• Nausea and vomiting
  • Are you reluctant to tell someone of these symptoms?
  • Are you reluctant to call because you think your mild symptoms do not warrant doing so?
  • If you carry with you nitroglycerin, does the nitroglycerin seem to take away the discomfort within 5 minutes?

How Long Do Heart Attack Symptoms Last?

Heart attack symptoms may last anywhere from a few minutes to several hours. Heart attack symptoms do not last for multiple days and ongoing symptoms may be a sign of a chronic heart condition or another condition. If your symptoms persist, contact your doctor immediately.

Minor heart attack symptoms could indicate that you've experienced a minor heart attack.


Heart attack causes can include:

  • Buildup of plaque – fat, cholesterol and other cellular waste – on artery walls
  • Coronary artery spasms caused by drugs, including cocaine; stress, extreme cold and smoking
  • Diabetes can cause a “silent” heart attack with no symptoms (myocardial infarction)
  • High blood pressure
  • High cholesterol
  • Heart failure
  • Heavy drinking
  • Lack of exercise
  • Obesity
  • Stress
  • Tobacco/ drug use

Risk Factors

Heart attack risk factors can include:

Age: Men over 50 with a family of heart disease and women after menopause ends are most commonly diagnosed with heart attack.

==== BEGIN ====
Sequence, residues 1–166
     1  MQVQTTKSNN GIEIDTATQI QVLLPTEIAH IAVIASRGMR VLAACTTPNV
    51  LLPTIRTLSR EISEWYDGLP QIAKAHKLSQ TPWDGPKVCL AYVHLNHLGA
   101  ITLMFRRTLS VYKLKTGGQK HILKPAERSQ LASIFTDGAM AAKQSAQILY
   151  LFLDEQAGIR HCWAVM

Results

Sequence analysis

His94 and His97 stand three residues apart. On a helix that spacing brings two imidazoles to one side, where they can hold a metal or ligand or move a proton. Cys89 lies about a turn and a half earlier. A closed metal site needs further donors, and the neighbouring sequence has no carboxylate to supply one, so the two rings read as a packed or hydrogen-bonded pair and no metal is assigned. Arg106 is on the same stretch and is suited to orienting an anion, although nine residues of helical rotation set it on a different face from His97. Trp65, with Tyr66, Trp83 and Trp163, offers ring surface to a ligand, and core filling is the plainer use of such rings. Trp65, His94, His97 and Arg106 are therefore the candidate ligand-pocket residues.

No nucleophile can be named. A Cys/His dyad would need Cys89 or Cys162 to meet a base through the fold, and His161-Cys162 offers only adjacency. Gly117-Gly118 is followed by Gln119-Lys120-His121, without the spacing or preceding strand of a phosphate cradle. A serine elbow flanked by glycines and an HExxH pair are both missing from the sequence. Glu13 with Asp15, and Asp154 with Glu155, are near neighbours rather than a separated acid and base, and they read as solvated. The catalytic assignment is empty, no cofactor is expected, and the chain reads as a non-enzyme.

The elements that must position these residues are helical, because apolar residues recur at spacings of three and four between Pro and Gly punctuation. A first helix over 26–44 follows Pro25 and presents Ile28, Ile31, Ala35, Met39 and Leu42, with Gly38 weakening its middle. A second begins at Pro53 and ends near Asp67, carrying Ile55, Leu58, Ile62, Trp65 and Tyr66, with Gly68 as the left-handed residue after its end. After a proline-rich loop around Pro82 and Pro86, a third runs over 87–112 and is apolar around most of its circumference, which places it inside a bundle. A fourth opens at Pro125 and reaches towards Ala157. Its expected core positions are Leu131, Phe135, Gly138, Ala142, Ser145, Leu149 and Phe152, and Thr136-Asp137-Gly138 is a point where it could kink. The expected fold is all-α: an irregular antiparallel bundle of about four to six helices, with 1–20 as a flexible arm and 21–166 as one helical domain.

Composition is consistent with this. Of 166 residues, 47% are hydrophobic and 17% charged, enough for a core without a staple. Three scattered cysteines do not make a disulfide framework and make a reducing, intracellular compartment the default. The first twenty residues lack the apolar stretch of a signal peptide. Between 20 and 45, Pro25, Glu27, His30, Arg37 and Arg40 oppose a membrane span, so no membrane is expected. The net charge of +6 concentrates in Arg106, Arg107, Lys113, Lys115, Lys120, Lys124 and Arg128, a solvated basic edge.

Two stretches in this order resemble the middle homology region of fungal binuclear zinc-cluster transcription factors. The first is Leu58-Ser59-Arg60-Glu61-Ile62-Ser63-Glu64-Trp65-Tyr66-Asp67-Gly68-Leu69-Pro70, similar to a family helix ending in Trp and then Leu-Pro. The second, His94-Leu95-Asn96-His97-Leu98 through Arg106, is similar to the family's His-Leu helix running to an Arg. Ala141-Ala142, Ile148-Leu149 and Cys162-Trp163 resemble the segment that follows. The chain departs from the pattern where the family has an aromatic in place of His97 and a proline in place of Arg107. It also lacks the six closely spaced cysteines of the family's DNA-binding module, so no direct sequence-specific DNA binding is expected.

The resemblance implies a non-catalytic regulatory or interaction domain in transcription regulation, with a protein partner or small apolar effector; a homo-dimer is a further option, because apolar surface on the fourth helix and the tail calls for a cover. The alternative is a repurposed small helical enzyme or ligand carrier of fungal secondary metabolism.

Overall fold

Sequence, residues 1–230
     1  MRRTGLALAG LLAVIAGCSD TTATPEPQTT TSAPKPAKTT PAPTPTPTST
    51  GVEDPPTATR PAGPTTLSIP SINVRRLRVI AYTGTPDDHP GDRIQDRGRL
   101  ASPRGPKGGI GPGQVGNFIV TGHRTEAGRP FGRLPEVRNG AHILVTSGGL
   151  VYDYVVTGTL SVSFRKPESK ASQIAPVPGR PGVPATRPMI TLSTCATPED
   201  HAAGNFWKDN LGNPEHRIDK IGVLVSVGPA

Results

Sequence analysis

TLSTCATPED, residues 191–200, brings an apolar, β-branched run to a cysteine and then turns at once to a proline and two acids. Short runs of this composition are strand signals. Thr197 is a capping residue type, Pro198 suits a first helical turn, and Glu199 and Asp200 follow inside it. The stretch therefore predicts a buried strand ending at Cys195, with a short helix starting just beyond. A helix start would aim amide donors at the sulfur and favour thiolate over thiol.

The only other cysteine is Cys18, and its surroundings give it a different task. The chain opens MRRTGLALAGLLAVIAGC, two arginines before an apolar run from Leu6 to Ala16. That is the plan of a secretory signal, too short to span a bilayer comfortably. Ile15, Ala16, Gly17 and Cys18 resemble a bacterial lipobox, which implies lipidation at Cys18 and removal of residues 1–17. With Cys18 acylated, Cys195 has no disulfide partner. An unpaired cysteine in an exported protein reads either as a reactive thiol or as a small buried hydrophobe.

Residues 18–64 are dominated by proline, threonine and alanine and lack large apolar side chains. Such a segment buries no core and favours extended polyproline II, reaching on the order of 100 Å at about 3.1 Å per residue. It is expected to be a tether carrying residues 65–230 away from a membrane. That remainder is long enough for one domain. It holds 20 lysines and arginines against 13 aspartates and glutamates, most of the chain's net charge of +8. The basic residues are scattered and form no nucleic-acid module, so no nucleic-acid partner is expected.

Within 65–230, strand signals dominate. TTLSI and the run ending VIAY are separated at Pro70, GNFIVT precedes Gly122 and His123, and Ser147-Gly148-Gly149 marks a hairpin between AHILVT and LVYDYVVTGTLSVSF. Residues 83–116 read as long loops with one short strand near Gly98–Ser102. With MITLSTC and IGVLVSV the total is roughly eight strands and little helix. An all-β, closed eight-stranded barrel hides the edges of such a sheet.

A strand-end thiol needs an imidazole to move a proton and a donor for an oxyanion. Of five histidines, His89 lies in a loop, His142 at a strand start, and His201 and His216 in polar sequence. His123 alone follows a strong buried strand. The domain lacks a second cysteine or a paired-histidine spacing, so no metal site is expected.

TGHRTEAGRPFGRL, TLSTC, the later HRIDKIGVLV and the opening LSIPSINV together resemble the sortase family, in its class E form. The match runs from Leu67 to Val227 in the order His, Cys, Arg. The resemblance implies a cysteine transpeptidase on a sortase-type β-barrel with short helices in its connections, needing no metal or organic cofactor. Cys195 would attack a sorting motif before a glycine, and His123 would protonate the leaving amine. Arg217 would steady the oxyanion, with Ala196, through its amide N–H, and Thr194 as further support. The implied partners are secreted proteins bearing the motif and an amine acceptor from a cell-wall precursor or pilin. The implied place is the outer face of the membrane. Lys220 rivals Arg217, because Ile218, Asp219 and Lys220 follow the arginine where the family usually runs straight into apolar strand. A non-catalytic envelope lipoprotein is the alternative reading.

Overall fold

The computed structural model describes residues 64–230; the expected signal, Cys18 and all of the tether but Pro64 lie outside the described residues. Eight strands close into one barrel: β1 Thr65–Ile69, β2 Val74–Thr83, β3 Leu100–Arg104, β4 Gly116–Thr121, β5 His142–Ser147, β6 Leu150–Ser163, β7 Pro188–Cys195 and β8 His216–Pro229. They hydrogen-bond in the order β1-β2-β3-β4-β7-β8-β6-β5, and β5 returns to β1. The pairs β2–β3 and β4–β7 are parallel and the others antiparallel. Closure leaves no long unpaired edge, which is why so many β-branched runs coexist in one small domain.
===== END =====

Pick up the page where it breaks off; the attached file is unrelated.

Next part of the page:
Gender: More women than men have heart attacks, and they can occur in younger women.

Family history: People with a family history of heart disease are at higher risk for heart attack.

Infection: Some infections, like syphilis or salmonella, that are untreated can lead to heart attack.

Race and ethnicity: African-Americans have a higher risk of heart disease that can cause a heart attack, due in part to severe high blood pressure, diabetes and obesity.


While some risk factors like age and heredity cannot be controlled, there are ways you can help to prevent a heart attack:

Avoid use of tobacco and cocaine: Both have significant risk for causing heart attack.

Control diabetes: Take medications as prescribed and follow your physician’s eating and exercise recommendations.

Eat heart-healthy foods: Limit your salt, sugar and saturated fats intake; and add nuts, green leafy vegetables, fish, beans, bran, fruits, grains, olive oil, canola oil, salmon, tuna, herring and mackerel to your diet.